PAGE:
Oct 10, 2019

PG&E outages could cost California more than $2 billion

Photo: Josh Edelson/AFP via Getty Images

PG&E's decision to turn the power off for nearly 2.7 million people as a precautionary measure to prevent California wildfires could cost the state as much as $2.5 billion, CNBC reports.

What's happening: The total will depend on whether the economic impact is solely based on residential customers, estimated at $65 million, or if commercial and industrial costs will be factored in, Michael Wara of the Stanford Woods Institute for the Environment says.

Per CNBC: "The dollar impact could be much higher if power isn’t restored in a timely fashion."

Our thought bubble, via Axios' Ben Geman: There are no other good options here. In this case, trying to prevent catastrophic fires is expensive in a system plagued by an aging and vulnerable infrastructure.

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PG&E returns power to most California customers, but thousands remain in the dark

Restaurant owners use candles and a flashlight in Sonoma, California, Oct. 9. Photo: Brittany Hosea-Small/AFP via Getty Images

PG&E said Thursday it restored power to nearly 328,255 customers since the Oct. 29 weather "all clear" was given for areas in northern and central California, though 36,745 customers remain without power.

The big picture: PG&E faces an investigation by the California Public Utilities Commission over its series of power shutoffs, which have affected millions and aimed to prevent the spread of wildfires during high-wind periods and dry spells. There are currently 15 fires spreading throughout California, per the Los Angeles Times.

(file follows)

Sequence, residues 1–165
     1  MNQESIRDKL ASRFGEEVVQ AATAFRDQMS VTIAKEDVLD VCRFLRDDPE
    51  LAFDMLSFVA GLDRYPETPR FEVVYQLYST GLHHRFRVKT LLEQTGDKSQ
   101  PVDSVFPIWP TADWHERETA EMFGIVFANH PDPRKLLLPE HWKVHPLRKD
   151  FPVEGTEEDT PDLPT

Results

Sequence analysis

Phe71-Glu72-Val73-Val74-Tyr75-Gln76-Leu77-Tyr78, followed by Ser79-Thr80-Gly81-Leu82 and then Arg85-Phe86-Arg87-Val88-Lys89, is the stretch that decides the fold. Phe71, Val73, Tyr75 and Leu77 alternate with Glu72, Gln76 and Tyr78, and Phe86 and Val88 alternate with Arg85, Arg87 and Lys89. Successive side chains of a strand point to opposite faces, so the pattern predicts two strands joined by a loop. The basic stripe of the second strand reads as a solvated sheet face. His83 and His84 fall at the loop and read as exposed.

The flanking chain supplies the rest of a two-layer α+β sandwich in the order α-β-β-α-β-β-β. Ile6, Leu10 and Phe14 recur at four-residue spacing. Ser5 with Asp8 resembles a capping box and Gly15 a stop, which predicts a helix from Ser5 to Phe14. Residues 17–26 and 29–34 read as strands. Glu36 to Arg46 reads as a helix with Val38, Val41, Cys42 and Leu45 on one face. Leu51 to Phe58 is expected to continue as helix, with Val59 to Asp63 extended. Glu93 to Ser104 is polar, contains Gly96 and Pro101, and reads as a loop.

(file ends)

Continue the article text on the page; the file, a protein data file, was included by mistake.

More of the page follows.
Go deeperArrowOct 31, 2019

California utility says intentional blackouts could be needed for 10 years

Owners of the New Bait Shop and Davey Jones Market talk to a customer in front of their store on Oct. 10, 2019 in Sausalito, California. Photo: Ezra Shaw/Getty Images

PG&E's CEO Bill Johnson said Friday that it could be a decade before the company has made enough improvements to its electric infrastructure to prevent widespread pre-emptive blackouts, the Wall Street Journal reports.

What he's saying: “I think they’ll decrease in size and scope every year,” he said. “But at the same time we’re doing this the risk is not static, it’s dynamic and it goes up every year.”

Go deeperArrowOct 19, 2019

California lawmakers have little control over PG&E blackouts

Gov. Gavin Newsom surveys a home destroyed in the Kincade fire on Oct. 25. Photo: Karl Mondon/MediaNews Group/The Mercury News via Getty Images

PG&E, which has temporarily shut the power off for millions of Californians ahead of weather forecasts ripe for wildfires, refused to give rebates to customers affected by the lack of electricity, the Los Angeles Times reports.

Why it matters: Gov. Gavin Newsom said Friday that California would hold PG&E accountable for failing to do its job in the wake of fires burning through the state. But PG&E is ultimately calling the shots, per the Times. California lawmakers are out of session until January. Without a special legislative session, the issue won't be addressed until then.

Go deeperArrowOct 26, 2019